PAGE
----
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The mayor’s critics have not only been around the council table this term.

Watson has been charged with not valuing the concerns of some Ottawa residents, namely Black, Indigenous and racialized community members and those pushing to reallocate funding from the Ottawa police to other social services.

The mayor has meanwhile said he’s not in favour of attempts to freeze or lower police funding, citing Chief Peter Sloly’s claims it would lead to layoffs in the force.

That came to a head over social media during debates over the police budget, when Watson compared demonstrators blocking traffic to anti-vaccine protesters set up in front of hospitals.

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Watson again defended his position against some of his most vocal constituents.

“There’s a difference between listening and agreeing. I listen to people. I don’t necessarily agree with everything they say. I’m not going to change my vote because 20 people show up outside City Hall yelling and screaming. That doesn’t act as a very effective way of lobbying,” he told Global News.

“I can’t try to be all things to all people. I think that’s a curse of some politicians, they’re like a weeping willow back and forth, depending on what the loudest shout is.”

Watson said he believes the 2022 budget passed that last week, which included a two per cent funding hike for police next year, is “in the best interest of the people of Ottawa,” positioning his promised three-percent property tax cap as a measure of stability in uncertain economic times.

“Housing affordability and affordability of living as a result of inflation is a problem. And we don’t want to add to that problem by constantly raising taxes about what I think is a reasonable level,” he said.

While he won’t be focused on an election campaign in 2022, Watson said a few of his priorities for his final year in office are consistent with the past 11: getting shovels in the ground on major city-building projects, this time eyeing the central library at LeBreton Flats and the new Ottawa Civic Hospital.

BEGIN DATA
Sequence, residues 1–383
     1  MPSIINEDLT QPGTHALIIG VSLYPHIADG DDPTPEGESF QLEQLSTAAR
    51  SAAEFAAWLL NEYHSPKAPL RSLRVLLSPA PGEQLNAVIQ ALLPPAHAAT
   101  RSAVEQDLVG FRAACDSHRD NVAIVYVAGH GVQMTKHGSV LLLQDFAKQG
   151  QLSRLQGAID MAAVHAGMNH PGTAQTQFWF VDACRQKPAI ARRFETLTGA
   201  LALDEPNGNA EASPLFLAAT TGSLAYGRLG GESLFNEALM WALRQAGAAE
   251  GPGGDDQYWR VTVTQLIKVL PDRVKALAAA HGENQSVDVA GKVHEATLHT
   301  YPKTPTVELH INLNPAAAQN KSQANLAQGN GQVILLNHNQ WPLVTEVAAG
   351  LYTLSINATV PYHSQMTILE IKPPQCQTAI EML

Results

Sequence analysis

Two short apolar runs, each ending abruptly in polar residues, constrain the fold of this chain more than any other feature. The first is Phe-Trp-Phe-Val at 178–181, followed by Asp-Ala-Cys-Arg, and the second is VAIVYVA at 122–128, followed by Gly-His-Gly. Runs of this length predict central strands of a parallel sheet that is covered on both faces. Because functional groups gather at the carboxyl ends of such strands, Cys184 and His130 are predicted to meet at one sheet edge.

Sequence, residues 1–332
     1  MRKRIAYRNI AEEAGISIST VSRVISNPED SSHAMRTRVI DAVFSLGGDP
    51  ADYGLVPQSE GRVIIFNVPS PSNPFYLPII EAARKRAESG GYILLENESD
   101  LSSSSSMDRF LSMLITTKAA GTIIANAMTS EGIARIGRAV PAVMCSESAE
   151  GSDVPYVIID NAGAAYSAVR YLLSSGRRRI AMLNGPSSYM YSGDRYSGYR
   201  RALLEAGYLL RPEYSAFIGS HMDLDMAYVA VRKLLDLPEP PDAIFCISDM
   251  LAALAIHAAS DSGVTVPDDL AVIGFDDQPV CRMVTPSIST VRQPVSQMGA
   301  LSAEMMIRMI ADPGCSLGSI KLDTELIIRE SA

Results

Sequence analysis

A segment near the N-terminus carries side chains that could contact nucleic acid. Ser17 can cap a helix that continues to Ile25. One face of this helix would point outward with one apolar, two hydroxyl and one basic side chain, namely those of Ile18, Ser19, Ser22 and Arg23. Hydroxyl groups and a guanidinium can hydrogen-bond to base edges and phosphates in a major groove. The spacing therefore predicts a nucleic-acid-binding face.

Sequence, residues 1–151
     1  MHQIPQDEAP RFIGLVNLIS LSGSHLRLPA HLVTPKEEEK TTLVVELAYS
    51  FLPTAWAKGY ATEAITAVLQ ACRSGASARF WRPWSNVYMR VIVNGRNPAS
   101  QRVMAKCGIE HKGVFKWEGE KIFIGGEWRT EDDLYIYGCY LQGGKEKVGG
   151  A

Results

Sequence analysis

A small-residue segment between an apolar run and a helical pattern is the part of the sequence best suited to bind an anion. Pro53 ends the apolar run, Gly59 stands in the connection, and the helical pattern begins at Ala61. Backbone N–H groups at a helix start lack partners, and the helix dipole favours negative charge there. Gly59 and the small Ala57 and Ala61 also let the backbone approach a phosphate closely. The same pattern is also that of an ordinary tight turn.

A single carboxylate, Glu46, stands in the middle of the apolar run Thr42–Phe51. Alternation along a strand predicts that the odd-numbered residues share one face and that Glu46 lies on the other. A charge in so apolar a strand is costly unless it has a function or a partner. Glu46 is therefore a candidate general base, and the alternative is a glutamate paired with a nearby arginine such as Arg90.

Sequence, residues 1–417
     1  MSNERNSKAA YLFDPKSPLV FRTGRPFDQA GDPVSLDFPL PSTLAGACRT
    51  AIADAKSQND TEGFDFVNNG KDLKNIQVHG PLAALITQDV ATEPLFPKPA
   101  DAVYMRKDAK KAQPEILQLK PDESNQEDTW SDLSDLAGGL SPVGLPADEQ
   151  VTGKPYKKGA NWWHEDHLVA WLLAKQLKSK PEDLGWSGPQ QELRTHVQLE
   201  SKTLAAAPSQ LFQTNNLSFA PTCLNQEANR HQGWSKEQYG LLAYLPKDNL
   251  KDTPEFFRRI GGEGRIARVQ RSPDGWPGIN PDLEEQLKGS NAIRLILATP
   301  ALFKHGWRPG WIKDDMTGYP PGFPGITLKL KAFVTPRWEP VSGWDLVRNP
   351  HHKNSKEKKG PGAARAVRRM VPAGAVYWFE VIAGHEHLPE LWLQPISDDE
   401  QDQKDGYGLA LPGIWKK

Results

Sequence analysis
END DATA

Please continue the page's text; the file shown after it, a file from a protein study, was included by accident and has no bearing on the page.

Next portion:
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Watson said he expects roughly a dozen candidates to come out of the woodwork in the months ahead to announce their intentions to run for mayor.

Offering a bit of advice to his would-be successors, he advised candidates for both mayor and Ottawa city council to put forward a “realistic, consistent and affordable vision.”

“Don’t over-promise and under-deliver. Do the exact opposite, under-promise and over-deliver, because I’ve seen far too many politicians over the years who have promised everything but the kitchen sink just to get elected. And then if they happen to get elected, they come back, ‘Oh my goodness, I had no idea I couldn’t do this or council wouldn’t vote for this,’” he said.

“Some people want to be all things to all people. I’ve never been like that. I’ve been very blunt in my view that if you make a promise, you have to do everything you can to fulfill that. … I’ve done my very best to stick to my word because it gnaws away at the public’s confidence, politicians that will just say anything to get a vote and then completely capture a case of political amnesia that they forgot what they voted for when they get in office.”

In his statement announcing the end of his mayoral runs, the 60-year-old veteran politician hinted that he’d like to have “one more career” after 2022.

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While he said he’d like to return to sitting on non-profit boards and volunteering at the Shepherds of Good Hope soup kitchen, he did not give any suggestion of where he might apply himself after he’s out of the mayor’s chair.

“I haven’t given that a whole lot of thought because it’s hard to apply for jobs when you’re the mayor of Ottawa,” he said.